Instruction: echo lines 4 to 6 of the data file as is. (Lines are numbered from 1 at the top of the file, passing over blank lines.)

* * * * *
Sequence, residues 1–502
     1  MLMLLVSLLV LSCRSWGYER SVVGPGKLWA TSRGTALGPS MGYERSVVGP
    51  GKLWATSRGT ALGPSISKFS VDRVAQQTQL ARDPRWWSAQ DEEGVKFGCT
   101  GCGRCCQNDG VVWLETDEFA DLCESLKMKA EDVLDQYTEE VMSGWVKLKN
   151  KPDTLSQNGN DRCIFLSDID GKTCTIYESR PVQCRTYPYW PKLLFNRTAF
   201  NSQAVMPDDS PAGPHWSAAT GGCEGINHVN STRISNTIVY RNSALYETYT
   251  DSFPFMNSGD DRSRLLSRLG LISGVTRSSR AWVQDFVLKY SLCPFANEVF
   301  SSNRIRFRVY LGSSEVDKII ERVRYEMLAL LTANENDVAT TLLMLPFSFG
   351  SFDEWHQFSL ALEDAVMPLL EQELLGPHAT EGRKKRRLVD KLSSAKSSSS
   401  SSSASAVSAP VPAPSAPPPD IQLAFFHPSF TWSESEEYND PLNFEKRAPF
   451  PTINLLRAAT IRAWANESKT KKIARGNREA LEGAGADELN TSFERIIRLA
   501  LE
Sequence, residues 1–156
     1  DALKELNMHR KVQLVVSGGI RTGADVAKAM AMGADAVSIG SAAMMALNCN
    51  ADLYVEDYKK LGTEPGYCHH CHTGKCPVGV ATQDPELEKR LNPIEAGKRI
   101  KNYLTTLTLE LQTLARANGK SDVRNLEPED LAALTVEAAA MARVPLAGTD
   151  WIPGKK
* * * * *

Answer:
   101  GCGRCCQNDG VVWLETDEFA DLCESLKMKA EDVLDQYTEE VMSGWVKLKN
   151  KPDTLSQNGN DRCIFLSDID GKTCTIYESR PVQCRTYPYW PKLLFNRTAF
   201  NSQAVMPDDS PAGPHWSAAT GGCEGINHVN STRISNTIVY RNSALYETYT